The risky business of deciding to go for broke
Whether you are looking for a better financial adviser or you are considering a broker for the first time, it's best to do your homework first before making a call, writes John Cradden
If you have a long-established relationship with your broker and you are happy, then it may be a case of 'if it ain't
broke, don't fix it'
GOOD independent financial advisers can be worth their weight in gold. If you have one and you know it, the chances are you will stick with them for many years. As well as guiding you to strong financial health, a good adviser is someone who has taken the time to get to know you, your personal circumstances and your financial goals.
But like any relationship, a decision to break up and go with another adviser means investing time getting to know the new adviser and vice versa. It's also risky, as the relationship may not work out and you're on your own again.
"If you have a long-established relationship with your broker and you are happy with the service he or she provides, then it may be a case of 'if it ain't broke, don't fix it'," said Ciaran Phelan of the Irish Brokers Association.
He adds that all brokers are regulated by the Central Bank and have to abide by the Consumer Protection Code, which requires them to act in the best interest of the consumer. Financial brokers also have to prove they have the necessary competence through experience or qualification to advise all clients on their financial affairs.
So if you want to look for a better adviser or you're interested in seeking out an adviser for the first time, word-of-mouth recommendations are a good way to go.
But if you end up having to shop around, one potential way to narrow your search is to decide on the basis of how he or she gets paid.
All regulated advisers are required to provide you their 'terms of business' which, among other things, should detail how they are paid and whether they charge a fee or not.
The conventional wisdom is that using an adviser who is paid by commission rather than up-front fees means that the advice the client receives may not be the most independent or impartial.
For instance, the National Consumer Agency says the issue of whether or not they are paid commission can be important "as it can impact on the value of the investment or pension".
On the other hand, Karl Deeter, head of client advice at Advisors.ie, says that services that are fee-based only are a "little bit of a hoax, in some respects".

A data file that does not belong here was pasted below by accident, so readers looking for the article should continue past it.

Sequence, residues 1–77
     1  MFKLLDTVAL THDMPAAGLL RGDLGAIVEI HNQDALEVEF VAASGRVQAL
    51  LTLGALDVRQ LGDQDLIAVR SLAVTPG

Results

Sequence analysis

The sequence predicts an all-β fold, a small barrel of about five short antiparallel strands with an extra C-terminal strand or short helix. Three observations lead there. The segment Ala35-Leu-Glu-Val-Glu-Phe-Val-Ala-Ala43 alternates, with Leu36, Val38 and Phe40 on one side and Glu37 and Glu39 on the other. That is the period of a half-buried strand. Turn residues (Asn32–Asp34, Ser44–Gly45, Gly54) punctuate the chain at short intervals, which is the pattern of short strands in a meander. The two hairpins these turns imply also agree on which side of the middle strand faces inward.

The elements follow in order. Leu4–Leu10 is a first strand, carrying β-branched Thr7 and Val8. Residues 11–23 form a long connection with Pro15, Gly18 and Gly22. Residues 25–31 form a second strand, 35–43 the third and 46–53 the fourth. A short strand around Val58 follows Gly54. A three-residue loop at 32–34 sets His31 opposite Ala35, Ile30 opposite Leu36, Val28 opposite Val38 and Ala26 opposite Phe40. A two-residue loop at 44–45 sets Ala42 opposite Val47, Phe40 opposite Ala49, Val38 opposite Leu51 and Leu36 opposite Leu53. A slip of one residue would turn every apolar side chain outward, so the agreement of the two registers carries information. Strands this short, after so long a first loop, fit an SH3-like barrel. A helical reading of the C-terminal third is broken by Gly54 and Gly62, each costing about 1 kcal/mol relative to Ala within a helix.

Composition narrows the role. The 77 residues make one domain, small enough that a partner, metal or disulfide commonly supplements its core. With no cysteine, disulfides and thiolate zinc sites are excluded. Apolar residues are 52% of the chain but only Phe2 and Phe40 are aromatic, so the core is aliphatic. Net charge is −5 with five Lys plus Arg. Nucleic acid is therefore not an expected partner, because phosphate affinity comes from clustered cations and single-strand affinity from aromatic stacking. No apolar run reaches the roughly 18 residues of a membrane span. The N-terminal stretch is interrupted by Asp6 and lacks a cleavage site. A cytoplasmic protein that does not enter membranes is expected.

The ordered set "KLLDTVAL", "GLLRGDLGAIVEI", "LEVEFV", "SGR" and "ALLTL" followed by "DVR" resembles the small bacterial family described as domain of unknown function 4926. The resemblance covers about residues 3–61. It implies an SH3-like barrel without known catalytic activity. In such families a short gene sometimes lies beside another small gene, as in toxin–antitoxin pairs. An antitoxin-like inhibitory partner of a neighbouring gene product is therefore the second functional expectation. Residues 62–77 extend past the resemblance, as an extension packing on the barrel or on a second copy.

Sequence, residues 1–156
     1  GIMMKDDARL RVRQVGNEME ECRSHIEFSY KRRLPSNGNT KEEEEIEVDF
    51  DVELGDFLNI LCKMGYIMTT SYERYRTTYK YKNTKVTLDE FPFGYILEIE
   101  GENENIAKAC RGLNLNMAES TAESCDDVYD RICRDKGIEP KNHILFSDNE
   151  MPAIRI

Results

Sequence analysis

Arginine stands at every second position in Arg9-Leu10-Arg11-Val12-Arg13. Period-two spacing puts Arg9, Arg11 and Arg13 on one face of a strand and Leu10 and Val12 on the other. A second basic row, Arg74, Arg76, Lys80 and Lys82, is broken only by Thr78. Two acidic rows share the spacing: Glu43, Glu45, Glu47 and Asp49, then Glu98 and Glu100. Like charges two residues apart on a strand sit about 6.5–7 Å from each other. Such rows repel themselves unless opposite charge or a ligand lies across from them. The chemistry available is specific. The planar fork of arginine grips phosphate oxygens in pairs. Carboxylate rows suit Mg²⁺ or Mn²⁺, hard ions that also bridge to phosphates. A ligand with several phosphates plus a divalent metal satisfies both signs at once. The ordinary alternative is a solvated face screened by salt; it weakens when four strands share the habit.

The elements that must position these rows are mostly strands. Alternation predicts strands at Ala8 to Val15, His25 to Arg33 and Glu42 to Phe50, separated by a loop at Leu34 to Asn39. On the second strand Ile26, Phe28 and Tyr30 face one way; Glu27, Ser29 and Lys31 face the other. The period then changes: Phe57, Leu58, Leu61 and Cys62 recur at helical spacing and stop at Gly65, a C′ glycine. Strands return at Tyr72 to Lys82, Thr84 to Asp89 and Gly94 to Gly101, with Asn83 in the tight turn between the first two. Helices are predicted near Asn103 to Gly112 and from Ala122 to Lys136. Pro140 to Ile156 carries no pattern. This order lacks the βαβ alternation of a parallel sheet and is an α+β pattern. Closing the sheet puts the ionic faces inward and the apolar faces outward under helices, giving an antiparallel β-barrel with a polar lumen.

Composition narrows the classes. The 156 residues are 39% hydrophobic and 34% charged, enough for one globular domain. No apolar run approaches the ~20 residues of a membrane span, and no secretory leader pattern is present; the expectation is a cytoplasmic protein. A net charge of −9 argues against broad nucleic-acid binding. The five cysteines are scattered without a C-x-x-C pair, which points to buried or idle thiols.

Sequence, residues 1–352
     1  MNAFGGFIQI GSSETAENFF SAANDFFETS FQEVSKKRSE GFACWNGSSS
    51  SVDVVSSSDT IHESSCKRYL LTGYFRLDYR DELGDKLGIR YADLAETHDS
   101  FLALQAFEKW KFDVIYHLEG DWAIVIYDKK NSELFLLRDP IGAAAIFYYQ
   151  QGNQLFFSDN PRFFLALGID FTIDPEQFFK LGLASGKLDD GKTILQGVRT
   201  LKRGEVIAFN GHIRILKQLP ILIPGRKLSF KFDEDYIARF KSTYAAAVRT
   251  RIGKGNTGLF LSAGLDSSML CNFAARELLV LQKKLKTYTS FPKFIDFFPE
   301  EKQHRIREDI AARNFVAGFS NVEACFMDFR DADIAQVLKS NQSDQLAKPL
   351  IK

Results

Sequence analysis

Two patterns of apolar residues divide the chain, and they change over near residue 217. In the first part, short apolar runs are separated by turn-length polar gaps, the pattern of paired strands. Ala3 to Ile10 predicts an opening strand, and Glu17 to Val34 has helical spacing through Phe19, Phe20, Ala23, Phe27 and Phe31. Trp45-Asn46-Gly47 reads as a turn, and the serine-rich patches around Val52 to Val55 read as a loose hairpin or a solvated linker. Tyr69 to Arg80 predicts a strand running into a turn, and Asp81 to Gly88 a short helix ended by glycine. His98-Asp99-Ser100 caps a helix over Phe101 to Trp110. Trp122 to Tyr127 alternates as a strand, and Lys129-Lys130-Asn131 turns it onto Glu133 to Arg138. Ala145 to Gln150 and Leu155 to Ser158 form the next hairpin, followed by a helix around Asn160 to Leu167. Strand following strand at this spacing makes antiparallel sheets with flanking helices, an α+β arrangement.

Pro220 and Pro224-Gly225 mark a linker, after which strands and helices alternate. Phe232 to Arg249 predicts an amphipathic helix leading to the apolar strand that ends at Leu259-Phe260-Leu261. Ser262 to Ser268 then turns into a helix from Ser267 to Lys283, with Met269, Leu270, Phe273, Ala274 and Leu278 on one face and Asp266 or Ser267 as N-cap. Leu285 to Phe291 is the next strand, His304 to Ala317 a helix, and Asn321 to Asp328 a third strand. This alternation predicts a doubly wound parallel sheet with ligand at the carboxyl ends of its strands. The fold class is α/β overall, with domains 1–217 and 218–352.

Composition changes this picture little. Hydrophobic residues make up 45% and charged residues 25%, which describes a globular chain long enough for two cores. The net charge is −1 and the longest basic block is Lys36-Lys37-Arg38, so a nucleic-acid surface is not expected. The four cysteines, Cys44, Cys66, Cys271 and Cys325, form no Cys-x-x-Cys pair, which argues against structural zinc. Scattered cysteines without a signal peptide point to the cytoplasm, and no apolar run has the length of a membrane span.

"For a start, many of the 'fee-only' advisers will still get trail commission, build in management fee costs to policies and charge the same amount as they would make by getting commissions.
"Nor does it guarantee better outcomes. Evidence from the Netherlands shows that fee advice is generally only attractive to the higher wealth clients, for whom the trade-off of upfront costs makes sense. For instance, if this was a 'fee-only' world you'd never see any of the cheap life assurance websites staying in business.
"It's really this simple, what is best for the client is what gets them the results they want at the best price. Fee-only can't do that, nor can commission-only. There is no perfect method."
Many brokers use a mixture of both.
Rachel Doyle, of the Professional Insurance Brokers Association (PIBA), says that most financial brokers will hold appointments with most of the seven main players in the life and pensions sector, and they are also required by regulations to conduct a fair analysis of the market with the best interests of their client in mind.
"Financial brokers will have access to competitive pricing on all products, so whilst it does make sense to assess who your financial adviser should be, it should not be done solely on the basis of finding access to the best product prices."
Brokers also have to demonstrate their impartiality by summarising the details of the companies they research and the results of their analysis in a 'statement of suitability', she adds.
You can also look at whether the adviser is classed by the Central Bank as an authorised adviser or a multi-agency intermediary, with the former required to provide broad-based investment advice on all the products in the marketplace, while the latter may only provide information on products supplied by firms the advisor has a relationship with.
But Mr Deeter says that the authorised adviser is a "dying concept, even from a regulatory point of view, and those that do claim to know the whole market are talking through their hat".
Indeed, the Central Bank is proposing to scrap these categorisations next year, following the advice of an industry working group that concluded that they were redundant, and adopt a single category of investment product intermediaries.
"A well-established, regulated firm who you hear of by word of mouth or reputation and your own judgment after an initial consultation is about as good as you can practically hope to do," said Mr Deeter.
"Like any professional service, you have to rely on your own discretion and objectives."